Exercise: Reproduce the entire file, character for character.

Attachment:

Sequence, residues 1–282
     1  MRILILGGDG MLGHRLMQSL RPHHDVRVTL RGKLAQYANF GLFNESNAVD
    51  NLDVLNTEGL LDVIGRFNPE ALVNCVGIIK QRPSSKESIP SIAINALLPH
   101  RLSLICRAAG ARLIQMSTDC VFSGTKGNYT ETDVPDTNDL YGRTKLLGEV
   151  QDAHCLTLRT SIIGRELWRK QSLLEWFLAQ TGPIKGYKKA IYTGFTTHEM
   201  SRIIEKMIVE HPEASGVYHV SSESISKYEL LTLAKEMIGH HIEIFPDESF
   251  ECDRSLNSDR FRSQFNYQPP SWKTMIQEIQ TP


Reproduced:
Sequence, residues 1–282
     1  MRILILGGDG MLGHRLMQSL RPHHDVRVTL RGKLAQYANF GLFNESNAVD
    51  NLDVLNTEGL LDVIGRFNPE ALVNCVGIIK QRPSSKESIP SIAINALLPH
   101  RLSLICRAAG ARLIQMSTDC VFSGTKGNYT ETDVPDTNDL YGRTKLLGEV
   151  QDAHCLTLRT SIIGRELWRK QSLLEWFLAQ TGPIKGYKKA IYTGFTTHEM
   201  SRIIEKMIVE HPEASGVYHV SSESISKYEL LTLAKEMIGH HIEIFPDESF
   251  ECDRSLNSDR FRSQFNYQPP SWKTMIQEIQ TP